After 12 years of research and development, a team of scientists from the Eindhoven University of Technology in the Netherlands believes that their “heat battery” can soon get millions of homes in Europe off of their gas dependency—and considering the conflict between Russia and Ukraine, this news couldn’t have come at a better time.
The team’s heat battery is based on two simple elements: salt and water. It utilizes an old thermochemical principle, which is that when water is added to salt, it produces heat. Heat can also be used to evaporate the water and store heat energy inside the salt.
Using this method of storing heat within dry salt makes the battery completely loss-free, resulting in an incredibly efficient method of energy storage. This will prove even more useful when the energy is sourced from renewables like wind and solar as they tend to fluctuate significantly and require gas or other energy sources to supplement them.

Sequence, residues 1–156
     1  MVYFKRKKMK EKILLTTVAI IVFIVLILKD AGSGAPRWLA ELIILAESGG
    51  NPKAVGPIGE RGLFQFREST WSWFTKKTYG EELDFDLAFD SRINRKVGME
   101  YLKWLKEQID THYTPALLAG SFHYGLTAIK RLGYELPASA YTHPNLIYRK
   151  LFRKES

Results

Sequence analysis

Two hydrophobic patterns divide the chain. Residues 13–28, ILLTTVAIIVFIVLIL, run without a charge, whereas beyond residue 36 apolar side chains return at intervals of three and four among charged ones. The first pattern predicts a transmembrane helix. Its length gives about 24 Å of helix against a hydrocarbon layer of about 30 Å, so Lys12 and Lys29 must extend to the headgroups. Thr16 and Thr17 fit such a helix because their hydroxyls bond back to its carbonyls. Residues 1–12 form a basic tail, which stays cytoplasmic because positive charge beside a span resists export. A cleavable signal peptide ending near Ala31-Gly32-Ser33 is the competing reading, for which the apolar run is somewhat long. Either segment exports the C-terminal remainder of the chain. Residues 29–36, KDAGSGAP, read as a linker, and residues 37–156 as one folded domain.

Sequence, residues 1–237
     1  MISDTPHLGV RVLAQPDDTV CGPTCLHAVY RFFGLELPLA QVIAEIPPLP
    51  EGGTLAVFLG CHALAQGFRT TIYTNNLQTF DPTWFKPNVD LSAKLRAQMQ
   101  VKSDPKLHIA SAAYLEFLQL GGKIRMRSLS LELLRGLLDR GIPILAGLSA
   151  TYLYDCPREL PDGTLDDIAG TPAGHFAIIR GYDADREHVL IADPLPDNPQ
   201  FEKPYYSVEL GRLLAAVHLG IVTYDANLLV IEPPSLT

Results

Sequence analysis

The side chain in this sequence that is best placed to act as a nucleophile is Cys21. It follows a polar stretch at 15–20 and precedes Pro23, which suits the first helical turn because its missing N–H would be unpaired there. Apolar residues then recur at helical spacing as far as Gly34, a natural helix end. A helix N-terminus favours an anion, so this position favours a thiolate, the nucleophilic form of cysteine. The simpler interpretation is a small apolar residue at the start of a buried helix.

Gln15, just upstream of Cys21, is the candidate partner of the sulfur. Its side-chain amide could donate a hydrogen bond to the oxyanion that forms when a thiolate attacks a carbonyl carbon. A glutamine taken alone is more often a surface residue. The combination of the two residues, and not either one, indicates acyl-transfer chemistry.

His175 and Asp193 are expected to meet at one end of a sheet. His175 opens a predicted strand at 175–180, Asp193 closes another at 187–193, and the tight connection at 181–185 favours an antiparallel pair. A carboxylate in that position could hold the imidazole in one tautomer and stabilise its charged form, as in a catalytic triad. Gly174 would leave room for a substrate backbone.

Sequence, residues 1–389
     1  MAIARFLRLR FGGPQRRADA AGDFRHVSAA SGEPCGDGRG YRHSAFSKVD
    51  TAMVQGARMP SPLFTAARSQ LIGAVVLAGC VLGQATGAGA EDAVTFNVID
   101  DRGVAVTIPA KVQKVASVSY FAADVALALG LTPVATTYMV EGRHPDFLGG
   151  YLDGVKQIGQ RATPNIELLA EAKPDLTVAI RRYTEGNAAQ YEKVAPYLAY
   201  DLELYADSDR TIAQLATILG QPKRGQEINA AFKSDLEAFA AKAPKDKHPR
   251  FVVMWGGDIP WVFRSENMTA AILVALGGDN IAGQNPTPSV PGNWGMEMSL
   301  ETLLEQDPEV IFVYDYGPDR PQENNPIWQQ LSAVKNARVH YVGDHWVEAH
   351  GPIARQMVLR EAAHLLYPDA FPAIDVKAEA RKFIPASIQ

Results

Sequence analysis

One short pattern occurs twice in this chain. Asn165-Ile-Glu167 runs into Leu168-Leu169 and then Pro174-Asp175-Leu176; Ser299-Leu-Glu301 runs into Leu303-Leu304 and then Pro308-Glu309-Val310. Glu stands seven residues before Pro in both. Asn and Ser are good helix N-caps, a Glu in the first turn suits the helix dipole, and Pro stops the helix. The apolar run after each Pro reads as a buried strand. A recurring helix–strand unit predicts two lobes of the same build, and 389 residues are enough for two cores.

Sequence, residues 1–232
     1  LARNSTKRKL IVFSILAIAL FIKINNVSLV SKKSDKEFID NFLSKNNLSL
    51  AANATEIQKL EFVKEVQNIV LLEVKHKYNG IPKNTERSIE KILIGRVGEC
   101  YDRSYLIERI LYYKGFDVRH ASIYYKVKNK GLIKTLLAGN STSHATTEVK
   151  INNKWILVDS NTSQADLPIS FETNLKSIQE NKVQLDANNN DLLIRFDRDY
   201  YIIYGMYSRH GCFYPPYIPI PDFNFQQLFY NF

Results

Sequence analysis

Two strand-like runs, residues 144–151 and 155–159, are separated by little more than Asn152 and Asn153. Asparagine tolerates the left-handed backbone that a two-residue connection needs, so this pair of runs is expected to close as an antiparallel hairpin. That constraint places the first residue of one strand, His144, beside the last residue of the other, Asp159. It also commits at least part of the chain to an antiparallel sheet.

On top of that, the heat that is to be stored in the salt can be sourced from industrial by-products such as residual “heat waste” in factories or surplus heat from data centers, making it all the more sustainable and efficient.
“If industrial residual heat could be used to heat homes, you have a win-win situation: homes could be made independent of gas—an even more urgent need given the dependence on Russian gas—and CO2 emissions would be reduced,” reads a statement published by the Eindhoven University of Technology.
The first prototype was capable of providing heating for an average family of four for two days. It has since been upgraded to a fully working prototype that could be used in the real world. The system, which is about the size of a large cabinet, could heat a home for up to two months.
Later this year, a pilot will take place in homes across France, Poland, and the Netherlands to test out the technology.